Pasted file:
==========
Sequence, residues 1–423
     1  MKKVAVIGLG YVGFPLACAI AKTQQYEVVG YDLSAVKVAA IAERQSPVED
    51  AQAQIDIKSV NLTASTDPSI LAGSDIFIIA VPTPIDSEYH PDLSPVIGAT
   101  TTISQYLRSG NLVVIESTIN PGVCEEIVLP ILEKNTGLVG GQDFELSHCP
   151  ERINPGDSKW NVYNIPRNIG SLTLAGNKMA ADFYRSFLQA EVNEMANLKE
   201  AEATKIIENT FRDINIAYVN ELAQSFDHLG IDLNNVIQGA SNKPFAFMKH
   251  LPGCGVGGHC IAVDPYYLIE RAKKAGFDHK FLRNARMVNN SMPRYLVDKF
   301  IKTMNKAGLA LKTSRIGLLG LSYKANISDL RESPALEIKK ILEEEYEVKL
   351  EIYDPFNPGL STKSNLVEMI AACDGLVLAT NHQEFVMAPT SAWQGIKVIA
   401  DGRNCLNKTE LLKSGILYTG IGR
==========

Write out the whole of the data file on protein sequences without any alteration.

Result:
Sequence, residues 1–423
     1  MKKVAVIGLG YVGFPLACAI AKTQQYEVVG YDLSAVKVAA IAERQSPVED
    51  AQAQIDIKSV NLTASTDPSI LAGSDIFIIA VPTPIDSEYH PDLSPVIGAT
   101  TTISQYLRSG NLVVIESTIN PGVCEEIVLP ILEKNTGLVG GQDFELSHCP
   151  ERINPGDSKW NVYNIPRNIG SLTLAGNKMA ADFYRSFLQA EVNEMANLKE
   201  AEATKIIENT FRDINIAYVN ELAQSFDHLG IDLNNVIQGA SNKPFAFMKH
   251  LPGCGVGGHC IAVDPYYLIE RAKKAGFDHK FLRNARMVNN SMPRYLVDKF
   301  IKTMNKAGLA LKTSRIGLLG LSYKANISDL RESPALEIKK ILEEEYEVKL
   351  EIYDPFNPGL STKSNLVEMI AACDGLVLAT NHQEFVMAPT SAWQGIKVIA
   401  DGRNCLNKTE LLKSGILYTG IGR